4.1. S. flexneri Serotype 1c Was Independently Evolved Twice from Serotype 1a and 1b Strains

The serotype switching due to deletion or disruption of the O-antigen modifying gene cluster is not uncommon in S. flexneri. For example, the S. flexneri serotype Y strain SFL124 originated from serotype 2a background due to the inactivation of the gtrII gene (from SfII phage) by an IS1 element [50]. However, our phylogenetic analysis showed that the Bangladesh-specific 1c strains (1c-α) and the remaining 1c strains (1c-β from the UK, Egypt, and Vietnam) were independently derived from the serotypes 1a and 1b, respectively. This is corroborated by the fact that all serotype 1c strains have remnants of SfI phage and hence intact gtrI-gene cluster but none of the serotype 1a and 1b strains had any of the genes from cryptic SfIC phage, suggesting that all the serotype 1c are derived from either serotype 1a strains or serotype 1b strains. However, not all the serotype 1a and 1b strains are clonal or derived from single ancestral strains. The clustering of serotype 1a and 1b strains into more than one sub-lineages suggests that these serotype 1a and 1b strains have evolved independently. Furthermore, some of the serotype 1a strains contain a complete SfI prophage sequence (SFL2494, UK and strain 0439, China) suggesting that these S. flexneri strains have acquired SfI phage relatively recently compared to the other serotype 1a and 1b strains or serotype 1c strains with cryptic SfI phage. The prophage genes that provide selective benefit to the bacterial host are often retained while the other prophage genes, which are not useful for the bacterial host get deleted over time resulting in a cryptic prophage [51]. Furthermore, DNA homology between phage residing on the same host can lead to homologous recombination resulting in host genome rearrangement which appears to be the case of Sf101 phage carrying oacB gene, which is present in serotype 1a, 1b and 1c strains [52].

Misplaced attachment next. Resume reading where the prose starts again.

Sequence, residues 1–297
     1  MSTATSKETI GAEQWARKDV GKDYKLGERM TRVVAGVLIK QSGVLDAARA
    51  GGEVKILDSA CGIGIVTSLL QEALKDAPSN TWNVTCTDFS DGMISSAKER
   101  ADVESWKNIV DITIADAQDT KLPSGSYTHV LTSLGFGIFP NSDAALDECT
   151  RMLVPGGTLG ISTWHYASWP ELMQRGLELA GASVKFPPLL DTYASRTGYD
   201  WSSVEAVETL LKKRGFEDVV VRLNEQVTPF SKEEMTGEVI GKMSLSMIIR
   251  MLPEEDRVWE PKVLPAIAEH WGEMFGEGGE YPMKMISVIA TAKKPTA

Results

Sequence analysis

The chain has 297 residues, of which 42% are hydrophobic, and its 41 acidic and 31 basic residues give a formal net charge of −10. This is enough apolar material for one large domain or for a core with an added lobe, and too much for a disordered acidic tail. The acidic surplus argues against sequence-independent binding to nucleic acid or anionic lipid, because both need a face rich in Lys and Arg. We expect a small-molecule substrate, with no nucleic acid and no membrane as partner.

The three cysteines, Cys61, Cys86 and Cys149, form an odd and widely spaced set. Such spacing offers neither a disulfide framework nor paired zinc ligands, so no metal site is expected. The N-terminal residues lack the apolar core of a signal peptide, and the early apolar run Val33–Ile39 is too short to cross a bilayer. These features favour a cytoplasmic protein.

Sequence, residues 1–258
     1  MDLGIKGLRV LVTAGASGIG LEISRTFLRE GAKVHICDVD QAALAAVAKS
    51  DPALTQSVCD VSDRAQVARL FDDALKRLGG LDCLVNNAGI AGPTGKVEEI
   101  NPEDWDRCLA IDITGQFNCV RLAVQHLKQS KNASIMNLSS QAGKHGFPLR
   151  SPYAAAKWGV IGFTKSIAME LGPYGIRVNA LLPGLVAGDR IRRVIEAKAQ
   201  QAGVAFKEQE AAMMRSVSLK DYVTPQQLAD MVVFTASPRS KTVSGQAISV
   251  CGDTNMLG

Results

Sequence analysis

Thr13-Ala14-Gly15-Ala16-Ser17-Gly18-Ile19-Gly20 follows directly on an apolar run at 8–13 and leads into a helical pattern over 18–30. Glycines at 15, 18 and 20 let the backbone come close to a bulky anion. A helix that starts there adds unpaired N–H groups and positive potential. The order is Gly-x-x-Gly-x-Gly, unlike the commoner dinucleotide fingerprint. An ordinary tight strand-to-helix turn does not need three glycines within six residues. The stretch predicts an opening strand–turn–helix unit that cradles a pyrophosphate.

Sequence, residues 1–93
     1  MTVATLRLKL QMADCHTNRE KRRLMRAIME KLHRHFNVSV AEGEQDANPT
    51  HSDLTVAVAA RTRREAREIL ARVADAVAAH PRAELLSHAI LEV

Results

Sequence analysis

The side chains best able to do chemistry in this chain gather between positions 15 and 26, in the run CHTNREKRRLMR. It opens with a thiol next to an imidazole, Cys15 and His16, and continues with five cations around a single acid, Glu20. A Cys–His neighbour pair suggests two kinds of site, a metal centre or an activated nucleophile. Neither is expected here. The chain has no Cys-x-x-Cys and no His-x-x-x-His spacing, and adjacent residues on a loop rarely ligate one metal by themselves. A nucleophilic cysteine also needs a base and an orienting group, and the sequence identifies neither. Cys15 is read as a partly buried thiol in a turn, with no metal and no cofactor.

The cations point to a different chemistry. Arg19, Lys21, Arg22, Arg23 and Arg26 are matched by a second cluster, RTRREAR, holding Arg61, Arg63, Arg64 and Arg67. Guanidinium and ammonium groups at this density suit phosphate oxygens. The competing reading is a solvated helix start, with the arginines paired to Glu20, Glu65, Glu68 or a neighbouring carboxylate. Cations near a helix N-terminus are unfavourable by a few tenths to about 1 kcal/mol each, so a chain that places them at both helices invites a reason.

The conventional classification of S. flexneri into different serotypes is based on group and type antisera specific to the O-antigenic variation. Hence, it is obvious to have multiple serotypes in one clade, which is based on the core set of genes. Interestingly, our phylogeny based on the core genes resulted in two populations of S. flexneri serotype 1c: 1c-α is specific to Bangladesh and 1c-β consists of strains from the UK, Egypt, and Vietnam. The previous study on serotype 1c, based on the Southern hybridization analysis had suggested that all these serotype 1c strains likely to have originated from a single ancestral 1a strain [53]. However, our study suggested that these strains have originated from at least two ancestral serotype 1a and 1b clones. These two ancestral S. flexneri 1a and 1b strains acquired SfIC bacteriophage that integrated into the tRNA-Pro gene resulting in serotype 1c-specific modification.

4.2. Changing Landscape in Drug Resistance of S. flexneri